Lee Zeldin, New York MAGA Guv Candidate, Got a Sneaky $60K Cash Infusion Tied to Cancer Doc

Medical practice belonging to a New York CongressmanThe Daily Beast discovered his personal doctor injected $60,829 into a federal political action committee.

Documents filed with the state Board of Elections earlier this month show that contributions have fallen to GOP Representative Lee ZeldinGubernatorial’s campaign for next November comes from Conquer Cancer PAC, an outfit that was founded last summer and, so far, seems to have never contributed to any candidates. is different. A spokesman for the Board of Elections told The Daily Beast that New York election law requires any political committee to give more than $1,000 to a state or local candidate registered with the government. rights in Albany — and Conquer Cancer PAC has never done so, public records show.

Public records also show that the leader of Conquer Cancer PAC has a close relationship with Zeldin himself; Its own campaign treasurer manages the PAC, and donations to it come entirely from people associated with a medical practice. That practice is New York-based hematologists & oncologists, headed by Dr. Jeffrey Vacirca, who is himself the largest sponsor of the PAC, although several other physicians are involved in the operation. This also contributes to a total of $60,829.

It was Vacirca who issued a public statement confirming Zeldin separate leukemia went into “complete remission” last fall, when the MP revealed the results of his cancer diagnosis and treatment. The statement identifies the doctor, who lives in Zeldin’s Long Island district, as the legislator’s personal hematologist.

Vacirca, a regular contributor to Zeldin’s campaigns, rate your own patient in 2018 by attacking them with automated phone calls urging them to support Republican re-election.

Neither Vacirca nor any of the doctors at his vast New York City metro area practice did not respond to repeated requests for comment. So did Nancy Marks, the bookkeeper who handled the books for both the Zeldin campaign and the PAC.

The PAC conquering cancer was first submitted to the FEC in July 2021 and almost immediately aroused suspicion from political observers.

PAC’s own website reflects the purpose of becoming a major federal directive. Its stated purpose is to “maintain the integrity of the cancer patient care process” and “[back] Policymakers support high quality care, choice and access for cancer patients, as well as autonomy and equitable reimbursement for community-based oncology practices. To do that, the PAC said it will “strengthen our bipartisan presence in Washington, DC,” and “support the election and continue to serve members of Congress.”

But Zeldin is giving up his seat in the House of Representatives in search of governor, and even if he wins, he will have little effect on federal Medicare policies, which the website identifies as one of the biggest concerns. PAC’s main concern.

Furthermore, there was a supporting organization and PAC that addressed similar concerns about the independent oncology practices that Conquer Cancer PAC identified as its core mission. They are the Community Cancer Coalition and its committee, Friends of Community Cancer — and Vacirca is the executive director of both, along with other doctors across the country.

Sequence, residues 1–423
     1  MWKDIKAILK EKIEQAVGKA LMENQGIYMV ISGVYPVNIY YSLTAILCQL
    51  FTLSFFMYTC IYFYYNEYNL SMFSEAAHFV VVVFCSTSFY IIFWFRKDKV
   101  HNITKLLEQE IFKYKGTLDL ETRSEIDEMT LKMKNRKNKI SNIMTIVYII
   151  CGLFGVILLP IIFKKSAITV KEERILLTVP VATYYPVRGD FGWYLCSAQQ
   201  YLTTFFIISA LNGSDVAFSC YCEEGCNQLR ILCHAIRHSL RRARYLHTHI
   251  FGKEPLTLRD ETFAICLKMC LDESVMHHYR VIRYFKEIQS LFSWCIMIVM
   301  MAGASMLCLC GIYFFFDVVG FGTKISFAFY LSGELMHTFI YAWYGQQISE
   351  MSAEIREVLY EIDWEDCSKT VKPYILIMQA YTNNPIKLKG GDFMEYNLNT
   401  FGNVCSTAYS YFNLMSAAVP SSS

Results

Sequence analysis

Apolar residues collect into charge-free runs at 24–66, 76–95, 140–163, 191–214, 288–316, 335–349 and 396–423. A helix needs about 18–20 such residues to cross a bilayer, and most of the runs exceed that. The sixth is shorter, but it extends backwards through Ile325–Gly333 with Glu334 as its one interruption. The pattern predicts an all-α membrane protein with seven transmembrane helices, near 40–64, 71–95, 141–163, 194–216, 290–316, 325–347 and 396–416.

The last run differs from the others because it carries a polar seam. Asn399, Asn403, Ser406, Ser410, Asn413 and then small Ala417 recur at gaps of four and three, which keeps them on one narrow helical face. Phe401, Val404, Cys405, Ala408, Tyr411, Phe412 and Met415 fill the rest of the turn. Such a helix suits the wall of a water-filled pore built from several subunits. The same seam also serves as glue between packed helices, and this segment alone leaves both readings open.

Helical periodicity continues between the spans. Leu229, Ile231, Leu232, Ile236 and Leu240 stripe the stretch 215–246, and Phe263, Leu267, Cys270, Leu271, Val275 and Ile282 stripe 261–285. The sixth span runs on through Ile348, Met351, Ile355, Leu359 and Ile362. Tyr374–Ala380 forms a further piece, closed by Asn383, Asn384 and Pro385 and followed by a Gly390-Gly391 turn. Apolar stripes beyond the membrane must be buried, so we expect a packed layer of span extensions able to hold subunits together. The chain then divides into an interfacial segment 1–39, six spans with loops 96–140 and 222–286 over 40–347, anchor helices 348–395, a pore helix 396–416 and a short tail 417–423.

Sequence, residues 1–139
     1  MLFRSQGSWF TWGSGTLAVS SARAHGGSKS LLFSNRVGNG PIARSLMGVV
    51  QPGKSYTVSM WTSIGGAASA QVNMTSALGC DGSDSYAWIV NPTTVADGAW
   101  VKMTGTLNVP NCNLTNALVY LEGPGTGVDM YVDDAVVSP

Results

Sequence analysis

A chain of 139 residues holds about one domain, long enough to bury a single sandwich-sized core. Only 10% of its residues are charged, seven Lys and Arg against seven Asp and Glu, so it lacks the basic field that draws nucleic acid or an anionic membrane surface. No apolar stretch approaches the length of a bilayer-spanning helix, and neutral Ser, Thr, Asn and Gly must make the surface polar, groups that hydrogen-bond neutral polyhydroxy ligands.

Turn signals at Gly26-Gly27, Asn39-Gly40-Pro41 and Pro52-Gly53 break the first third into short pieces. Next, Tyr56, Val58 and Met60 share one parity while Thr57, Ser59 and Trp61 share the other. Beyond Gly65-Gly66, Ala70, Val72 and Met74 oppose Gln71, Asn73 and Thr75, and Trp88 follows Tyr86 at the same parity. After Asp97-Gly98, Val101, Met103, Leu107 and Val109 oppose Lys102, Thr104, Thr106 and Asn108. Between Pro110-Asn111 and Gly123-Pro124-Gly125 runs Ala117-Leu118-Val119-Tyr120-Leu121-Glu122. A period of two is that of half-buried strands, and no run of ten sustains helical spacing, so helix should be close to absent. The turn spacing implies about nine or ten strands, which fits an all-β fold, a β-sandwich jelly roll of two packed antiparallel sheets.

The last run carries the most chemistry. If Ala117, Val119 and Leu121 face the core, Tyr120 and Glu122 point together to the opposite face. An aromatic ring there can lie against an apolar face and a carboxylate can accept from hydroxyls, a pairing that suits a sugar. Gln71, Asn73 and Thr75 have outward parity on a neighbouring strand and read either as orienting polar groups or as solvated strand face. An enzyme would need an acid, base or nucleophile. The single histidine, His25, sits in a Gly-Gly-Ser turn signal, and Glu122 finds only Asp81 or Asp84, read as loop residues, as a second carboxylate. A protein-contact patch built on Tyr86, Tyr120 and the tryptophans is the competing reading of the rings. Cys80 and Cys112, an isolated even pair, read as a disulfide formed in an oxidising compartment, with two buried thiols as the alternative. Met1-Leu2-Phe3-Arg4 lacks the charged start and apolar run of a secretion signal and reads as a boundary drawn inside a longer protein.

What is required of a redundant PAC, especially one that funds a seemingly doomed candidate, remains unclear. But one good government advocate notes that one feature of PACs is that it can hide the source of donations to political candidates, which can be useful when candidates don’t have ability to win. Zeldin is the lead in the GOP nomination for governor, but is likely to lose this fall’s general election to a Democratic majority.

“It’s about anonymity and trying to keep donations more secret — and there are two reasons,” said John Kaehny, chief executive officer at Reinvent Albany, a reformist nonprofit. for that. “You know [your candidate is] won’t win, and you don’t want to upset the eventual winner. And it can be easier to solicit donations, since you ask a colleague, ‘Can you contribute to a PAC that improves our business,’ rather than identifying a candidate. Because they might say, “I don’t want to give it to that person, they’ll lose.”

Kaehny notes that there aren’t any federal or state statutes that require political committees to be honest about their intentions — and argues that such a statute would be unenforceable even if it were not. accepted.

Zeldin’s campaign was maintained until The Daily Beast, they were not involved in or aware of the formation of the Conquer Cancer PAC, and claim it never raised funds.

Elected in 2014 as a union-friendly moderate with a military record, Zeldin once seemed to be one of his party’s emerging lights and could be a strong contender. signed to retake the governor’s mansion since GOP Governor George Pataki left office at the end of 2006. But Donald Trump’s consolidation of support within the Republican Party has led the congressman, like many Republicans. Empire State’s other peacemaker, was in a predicament: the Queens-born businessman was unpopular with the electors of New York, even as he remained beloved by the base.

In the end, Zeldin received the 45th president, fiercely defended him during his first impeachment and vote against certified electors from Arizona and Pennsylvania hours after Trump supporters ransacked the Capitol last year. This makes Zeldin’s bid even steeper in a state where Biden overtook Trump by 23 points in 2020.

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